Navigation and pathfinding stay a continuous part of the gameplay, in the sense that traversal through the world is a lot more complicated than just getting from point A to point B, because that will often have multiple possible routes, how you traverse through the gameworld changes on a micro scale too as you unlock more mobility upgrades, which can also unlock even more possible routes as you can access new shortcuts or just more alternate pathways.

    Even just as it might seem that a Metroid-like is directing you to a specific location for a specific reason. A fun one that plenty of Metroid-likes do is to put a point of interest on the map, but in a point in your map that remains completely blank between that point and the nearest part of your map that has been explored. This is giving you direction, but really only in the vaguest sense of compelling you to head literally giving you a direction to head roughly in, with no actual path even hinted at until you get closer to it. Even more so when your map doesn't even suggest a potential path to this goal, implying you need to figure out how to even begin heading in that direction.

    I would say that these games are more about navigation than exploration. I think you can explore in many games that aren't Metroid-likes, because exploration is more about seeing and experiencing, which you can do by just knowing there is unexplored space. Navigation implies that the act of finding the path is a more involved process than just following a quest marker and understanding there are things to do and see within the lines of the map. Navigating through Metroid-likes feels different, I think, because they structure the worlds and gate, guide, onscure, and hint at directing you around them in a way that will make you feel that the map is, well, a map in a more literal sense, as in, a visual representation of just one part of a cohesive physical space that has blank spaces only because you haven't filled them in, rather than like in other action adventure games where you feel it is a HUD feature that shows you explicitly where the in-game space ends.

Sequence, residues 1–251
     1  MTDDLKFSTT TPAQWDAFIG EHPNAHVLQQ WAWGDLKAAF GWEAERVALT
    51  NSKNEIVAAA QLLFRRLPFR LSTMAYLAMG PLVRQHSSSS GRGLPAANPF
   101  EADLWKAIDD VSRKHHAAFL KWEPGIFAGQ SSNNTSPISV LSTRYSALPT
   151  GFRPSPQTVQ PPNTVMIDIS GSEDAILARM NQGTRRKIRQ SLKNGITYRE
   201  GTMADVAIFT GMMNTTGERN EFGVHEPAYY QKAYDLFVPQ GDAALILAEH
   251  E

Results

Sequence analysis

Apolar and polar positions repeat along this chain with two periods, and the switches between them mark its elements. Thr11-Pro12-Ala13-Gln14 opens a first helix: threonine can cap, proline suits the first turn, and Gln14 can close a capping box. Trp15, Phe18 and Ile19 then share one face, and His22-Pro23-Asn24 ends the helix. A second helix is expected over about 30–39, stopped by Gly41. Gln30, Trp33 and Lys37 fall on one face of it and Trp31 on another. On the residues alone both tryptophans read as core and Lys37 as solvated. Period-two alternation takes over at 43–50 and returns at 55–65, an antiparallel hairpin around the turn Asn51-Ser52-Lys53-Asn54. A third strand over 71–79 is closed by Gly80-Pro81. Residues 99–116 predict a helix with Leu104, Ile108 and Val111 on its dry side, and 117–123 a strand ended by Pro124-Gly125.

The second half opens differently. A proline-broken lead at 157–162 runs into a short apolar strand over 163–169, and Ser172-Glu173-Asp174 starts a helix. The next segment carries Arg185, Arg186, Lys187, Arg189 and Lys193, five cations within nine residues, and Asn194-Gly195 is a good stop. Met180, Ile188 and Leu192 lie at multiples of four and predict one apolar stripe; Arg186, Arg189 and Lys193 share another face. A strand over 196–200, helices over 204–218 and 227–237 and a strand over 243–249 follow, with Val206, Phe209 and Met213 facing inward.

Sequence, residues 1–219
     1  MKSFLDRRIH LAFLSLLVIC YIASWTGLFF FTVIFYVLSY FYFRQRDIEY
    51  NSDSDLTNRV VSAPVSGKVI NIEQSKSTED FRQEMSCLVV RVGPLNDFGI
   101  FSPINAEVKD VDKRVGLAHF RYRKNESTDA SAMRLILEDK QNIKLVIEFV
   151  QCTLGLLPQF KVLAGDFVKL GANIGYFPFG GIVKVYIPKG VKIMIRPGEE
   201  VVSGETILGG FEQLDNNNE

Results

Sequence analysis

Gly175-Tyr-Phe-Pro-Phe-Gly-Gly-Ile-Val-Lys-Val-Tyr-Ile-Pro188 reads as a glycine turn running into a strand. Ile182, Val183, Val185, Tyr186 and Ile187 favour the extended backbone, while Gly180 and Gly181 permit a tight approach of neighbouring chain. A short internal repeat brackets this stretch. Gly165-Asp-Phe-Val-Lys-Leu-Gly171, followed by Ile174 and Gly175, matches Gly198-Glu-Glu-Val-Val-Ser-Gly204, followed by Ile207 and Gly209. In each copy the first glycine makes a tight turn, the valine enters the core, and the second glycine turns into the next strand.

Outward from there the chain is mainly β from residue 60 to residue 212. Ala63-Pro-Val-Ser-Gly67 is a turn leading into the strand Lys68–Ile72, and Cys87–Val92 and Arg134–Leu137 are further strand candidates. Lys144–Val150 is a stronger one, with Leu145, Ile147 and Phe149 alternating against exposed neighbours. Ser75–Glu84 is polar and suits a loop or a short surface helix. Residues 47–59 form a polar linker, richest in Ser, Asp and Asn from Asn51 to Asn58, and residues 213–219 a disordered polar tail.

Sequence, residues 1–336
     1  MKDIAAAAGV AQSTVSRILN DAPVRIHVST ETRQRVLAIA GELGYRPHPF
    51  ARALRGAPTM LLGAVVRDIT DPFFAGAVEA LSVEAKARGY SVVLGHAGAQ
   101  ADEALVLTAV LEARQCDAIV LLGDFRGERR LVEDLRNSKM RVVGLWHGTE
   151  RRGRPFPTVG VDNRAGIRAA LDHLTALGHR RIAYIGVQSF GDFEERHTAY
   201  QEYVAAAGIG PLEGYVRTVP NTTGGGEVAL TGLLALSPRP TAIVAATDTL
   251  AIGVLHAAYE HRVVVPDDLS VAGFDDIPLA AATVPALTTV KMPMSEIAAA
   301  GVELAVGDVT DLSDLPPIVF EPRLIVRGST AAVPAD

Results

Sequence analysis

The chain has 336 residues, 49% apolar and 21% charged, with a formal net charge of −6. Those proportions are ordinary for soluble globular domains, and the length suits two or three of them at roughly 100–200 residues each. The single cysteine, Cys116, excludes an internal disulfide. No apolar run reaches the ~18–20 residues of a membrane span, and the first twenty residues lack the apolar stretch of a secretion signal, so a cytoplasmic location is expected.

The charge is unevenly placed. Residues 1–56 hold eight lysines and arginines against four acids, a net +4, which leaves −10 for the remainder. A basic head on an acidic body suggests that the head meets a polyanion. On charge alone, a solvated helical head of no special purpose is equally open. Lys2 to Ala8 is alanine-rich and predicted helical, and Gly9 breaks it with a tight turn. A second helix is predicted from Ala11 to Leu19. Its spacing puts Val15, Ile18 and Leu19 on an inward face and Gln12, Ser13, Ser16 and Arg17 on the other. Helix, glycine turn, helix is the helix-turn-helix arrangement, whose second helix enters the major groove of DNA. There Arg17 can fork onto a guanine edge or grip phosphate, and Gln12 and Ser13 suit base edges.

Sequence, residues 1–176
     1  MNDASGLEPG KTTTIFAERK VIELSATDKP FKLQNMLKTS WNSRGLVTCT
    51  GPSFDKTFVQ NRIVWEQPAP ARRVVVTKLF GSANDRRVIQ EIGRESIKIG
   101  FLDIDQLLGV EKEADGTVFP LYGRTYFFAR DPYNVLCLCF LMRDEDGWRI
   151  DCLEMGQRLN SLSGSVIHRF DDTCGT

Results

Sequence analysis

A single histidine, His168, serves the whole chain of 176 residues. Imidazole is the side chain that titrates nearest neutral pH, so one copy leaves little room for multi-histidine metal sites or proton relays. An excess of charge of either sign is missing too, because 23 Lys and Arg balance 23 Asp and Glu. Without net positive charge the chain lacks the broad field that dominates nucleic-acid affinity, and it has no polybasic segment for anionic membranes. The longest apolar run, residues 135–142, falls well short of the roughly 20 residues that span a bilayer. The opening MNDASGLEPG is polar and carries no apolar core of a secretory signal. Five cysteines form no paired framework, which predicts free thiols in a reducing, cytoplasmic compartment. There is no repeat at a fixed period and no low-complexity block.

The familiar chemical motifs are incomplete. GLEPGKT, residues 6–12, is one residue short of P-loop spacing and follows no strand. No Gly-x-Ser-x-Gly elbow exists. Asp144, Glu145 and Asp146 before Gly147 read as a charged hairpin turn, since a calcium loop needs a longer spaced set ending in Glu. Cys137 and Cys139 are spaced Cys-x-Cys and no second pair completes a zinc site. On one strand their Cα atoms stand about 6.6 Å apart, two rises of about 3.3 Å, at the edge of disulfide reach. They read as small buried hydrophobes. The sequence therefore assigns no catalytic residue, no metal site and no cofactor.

I think if I have gotten enough criteria down, it should be simple enough to say why some games that are close in structure to a Metroid-like, aren't Metroid-likes.

    various Legends of Zelda aren't Metroid-likes despite having open, persistent, interconnected worlds, and a series of power-ups that upgrade or expand combat/mobility/interactive/logistic function. I would say for one that is because even when they're not all that linear, and, to be clear, they usually are pretty linear, they don't do nearly enough to obscure the connections between the points on the critical path. Your various Hyrules and Hyrule Fields and Oceans have plenty of secrets within them, sure, and traversal around them can change over time as you get more tools, but it's not as if the confines of the map expand so much as they increase in density. There will always be a sense of the totality of the game world from the beginning, and traversal is often pleasant, but is not engaging so much as it is immersive and theatric. You can never really get a sense of feeling lost. At least not for long, anyway.

    Furthemore the game's narrative or interface will heavily suggest an intended order for the critical path, even when it can be done out of order, which kind of dispels the illusion of non-linearity (which is a different thing than sequence breaking even if they can overlap). You can tell me that you can do the 7 Dark World dungeons in Link to the Past in a variety of orders, but there is clearly no real reason to do so, it doesn't make them any more compelling to have a tool you got from a dungeon later in the intended sequence, if for no other reason than the game isn't going to make a habit of punishing people for doing things in the intended order. It also calls to mind something else that makes Zelda games not like Metroid-likes, in that the parts that do get you to navigate and pathfind, the dungeons, are self contained experiences with little to no cohesion or interconnection between each other, even if there is that within them or if you were to remove the game world in between them. This tends to lend better to the narrative structure of Zelda games, it's not like there's anything wrong with them.